(up from 10-20 thousand in ~1998 when I stopped trying to keep up with header
pollution after having reduced the number of includes by several thousands).
On ref9-i386 now, the ping latency is ~130 usec (not bad), and this results
in "make depend" on a kernel with 93128 words in .depend (I use this word
count as an approximation to the number of includes) taking
"45.91 real 19.33 user 8.31 sys" from cold and
"37.46 real 18.95 user 8.91 sys" from warm.  My reference FreeBSD-4 kernel
with a similar config on a slightly slower CPU but not on nfs takes
" 5.65 real  4.88 user 0.75 sys" from warm.  It is helped by having only
24319 words in .depend and other missing bloat.  The nfs latency accounts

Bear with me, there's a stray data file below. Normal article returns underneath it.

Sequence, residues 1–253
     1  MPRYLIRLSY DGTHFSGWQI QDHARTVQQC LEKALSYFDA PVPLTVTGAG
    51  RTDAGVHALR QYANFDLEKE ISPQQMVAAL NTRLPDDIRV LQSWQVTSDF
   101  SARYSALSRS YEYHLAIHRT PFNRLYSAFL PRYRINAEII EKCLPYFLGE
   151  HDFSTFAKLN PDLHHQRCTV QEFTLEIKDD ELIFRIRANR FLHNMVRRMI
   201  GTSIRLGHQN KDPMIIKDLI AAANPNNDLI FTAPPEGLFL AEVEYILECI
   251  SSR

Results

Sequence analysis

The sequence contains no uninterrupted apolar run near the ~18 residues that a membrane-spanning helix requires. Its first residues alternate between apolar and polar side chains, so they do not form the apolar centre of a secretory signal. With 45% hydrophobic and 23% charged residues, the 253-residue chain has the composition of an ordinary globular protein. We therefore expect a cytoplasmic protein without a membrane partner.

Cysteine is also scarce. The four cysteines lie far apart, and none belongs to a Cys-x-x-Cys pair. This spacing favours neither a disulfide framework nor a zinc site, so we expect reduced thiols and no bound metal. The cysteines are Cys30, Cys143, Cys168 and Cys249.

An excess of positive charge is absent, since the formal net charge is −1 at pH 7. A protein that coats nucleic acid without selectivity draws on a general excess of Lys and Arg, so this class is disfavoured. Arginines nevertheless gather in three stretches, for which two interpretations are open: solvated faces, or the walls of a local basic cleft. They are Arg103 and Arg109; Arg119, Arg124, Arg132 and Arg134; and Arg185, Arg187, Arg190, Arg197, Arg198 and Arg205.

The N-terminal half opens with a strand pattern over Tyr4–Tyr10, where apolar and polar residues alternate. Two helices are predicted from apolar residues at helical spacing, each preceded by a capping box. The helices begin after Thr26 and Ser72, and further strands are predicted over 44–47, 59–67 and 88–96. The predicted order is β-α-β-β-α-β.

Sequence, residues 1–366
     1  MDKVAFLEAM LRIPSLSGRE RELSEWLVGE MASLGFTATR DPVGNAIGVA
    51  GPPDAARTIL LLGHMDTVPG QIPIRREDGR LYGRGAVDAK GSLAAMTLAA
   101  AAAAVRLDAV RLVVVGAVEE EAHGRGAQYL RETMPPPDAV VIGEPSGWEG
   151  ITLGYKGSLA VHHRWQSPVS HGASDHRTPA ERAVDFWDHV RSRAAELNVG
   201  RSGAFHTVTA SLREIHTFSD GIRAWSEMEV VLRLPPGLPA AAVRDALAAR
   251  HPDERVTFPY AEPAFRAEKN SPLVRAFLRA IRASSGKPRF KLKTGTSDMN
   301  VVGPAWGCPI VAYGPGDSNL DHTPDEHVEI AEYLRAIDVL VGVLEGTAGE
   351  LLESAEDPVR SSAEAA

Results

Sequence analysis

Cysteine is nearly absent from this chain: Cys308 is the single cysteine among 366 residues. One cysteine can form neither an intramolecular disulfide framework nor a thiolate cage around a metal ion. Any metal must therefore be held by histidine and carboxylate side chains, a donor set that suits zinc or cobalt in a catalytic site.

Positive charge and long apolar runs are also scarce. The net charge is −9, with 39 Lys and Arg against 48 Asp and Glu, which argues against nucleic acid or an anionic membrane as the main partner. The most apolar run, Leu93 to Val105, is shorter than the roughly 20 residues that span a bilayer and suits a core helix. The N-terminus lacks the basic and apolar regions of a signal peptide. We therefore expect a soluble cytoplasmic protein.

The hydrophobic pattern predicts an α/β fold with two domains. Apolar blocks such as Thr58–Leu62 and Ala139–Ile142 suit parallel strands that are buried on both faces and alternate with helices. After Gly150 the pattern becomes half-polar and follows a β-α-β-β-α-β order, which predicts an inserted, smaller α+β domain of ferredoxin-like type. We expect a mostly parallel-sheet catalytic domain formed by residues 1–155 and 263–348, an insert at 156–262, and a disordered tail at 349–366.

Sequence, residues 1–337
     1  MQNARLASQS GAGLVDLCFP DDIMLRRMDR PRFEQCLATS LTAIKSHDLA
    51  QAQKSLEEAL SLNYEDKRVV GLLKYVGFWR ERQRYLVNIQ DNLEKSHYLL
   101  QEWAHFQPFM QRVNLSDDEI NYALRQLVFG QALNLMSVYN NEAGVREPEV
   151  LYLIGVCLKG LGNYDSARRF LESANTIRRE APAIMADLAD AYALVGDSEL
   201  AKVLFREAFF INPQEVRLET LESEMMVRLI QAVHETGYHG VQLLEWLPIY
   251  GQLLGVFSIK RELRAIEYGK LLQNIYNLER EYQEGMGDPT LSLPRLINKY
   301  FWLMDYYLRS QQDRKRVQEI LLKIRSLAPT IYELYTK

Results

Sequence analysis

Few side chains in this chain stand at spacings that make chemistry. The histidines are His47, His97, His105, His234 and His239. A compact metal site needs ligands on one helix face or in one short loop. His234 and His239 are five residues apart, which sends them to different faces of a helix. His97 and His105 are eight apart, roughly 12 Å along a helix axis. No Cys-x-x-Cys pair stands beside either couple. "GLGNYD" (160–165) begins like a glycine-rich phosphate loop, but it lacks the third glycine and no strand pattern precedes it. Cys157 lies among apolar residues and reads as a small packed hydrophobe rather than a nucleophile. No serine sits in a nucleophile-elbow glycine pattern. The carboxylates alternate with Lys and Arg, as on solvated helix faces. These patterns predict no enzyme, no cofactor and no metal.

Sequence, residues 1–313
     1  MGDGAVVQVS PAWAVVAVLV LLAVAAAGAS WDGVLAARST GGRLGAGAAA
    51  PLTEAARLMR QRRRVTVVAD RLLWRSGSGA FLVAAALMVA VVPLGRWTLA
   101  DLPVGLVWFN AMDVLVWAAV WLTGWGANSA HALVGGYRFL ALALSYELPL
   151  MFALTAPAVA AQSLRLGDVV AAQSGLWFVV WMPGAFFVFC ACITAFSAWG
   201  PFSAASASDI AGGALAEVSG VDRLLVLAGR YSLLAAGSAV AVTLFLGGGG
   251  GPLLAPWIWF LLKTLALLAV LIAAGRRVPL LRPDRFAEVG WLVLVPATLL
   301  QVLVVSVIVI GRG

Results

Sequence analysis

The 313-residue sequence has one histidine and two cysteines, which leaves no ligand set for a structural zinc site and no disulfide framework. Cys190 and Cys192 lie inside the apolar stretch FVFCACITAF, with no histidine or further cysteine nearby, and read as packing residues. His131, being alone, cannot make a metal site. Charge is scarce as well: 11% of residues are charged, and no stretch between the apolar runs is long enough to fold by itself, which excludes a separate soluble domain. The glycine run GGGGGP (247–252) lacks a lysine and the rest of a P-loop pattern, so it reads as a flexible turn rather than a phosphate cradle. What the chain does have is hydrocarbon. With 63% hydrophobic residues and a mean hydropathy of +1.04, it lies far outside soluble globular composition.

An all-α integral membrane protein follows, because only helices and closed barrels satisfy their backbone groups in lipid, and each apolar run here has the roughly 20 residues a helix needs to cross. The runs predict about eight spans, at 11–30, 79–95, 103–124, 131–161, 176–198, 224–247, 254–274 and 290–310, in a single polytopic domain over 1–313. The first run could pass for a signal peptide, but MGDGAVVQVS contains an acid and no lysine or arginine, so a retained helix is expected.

for about half of the extra real time in -current.  It can be ameliorated
by building in parallel with many more threads than CPUS so that not all
threads stall on the same RPCs at the same time (usually), but a single
"make depend" is mostly serial.

> However, if we adopted this rule, you tend to get n^2 behavior because each 
> layer of the onion redundantly would be including the inner onion...

This can be reduced by flattening the include hierarchy, but that is harder.

> A survey of the include files shows uneven application of rules.  Some 
> require additional includes before them (the most common being sys/param.h or 
> sys/types.h), some include some prereques, etc.  There's no hard and fast 
> rule that will describe the current state of affairs.

sys/param.h is almost required in the kernel.  The other examples, even
ones that carefully arrange to use only sys/types.h, can be considered as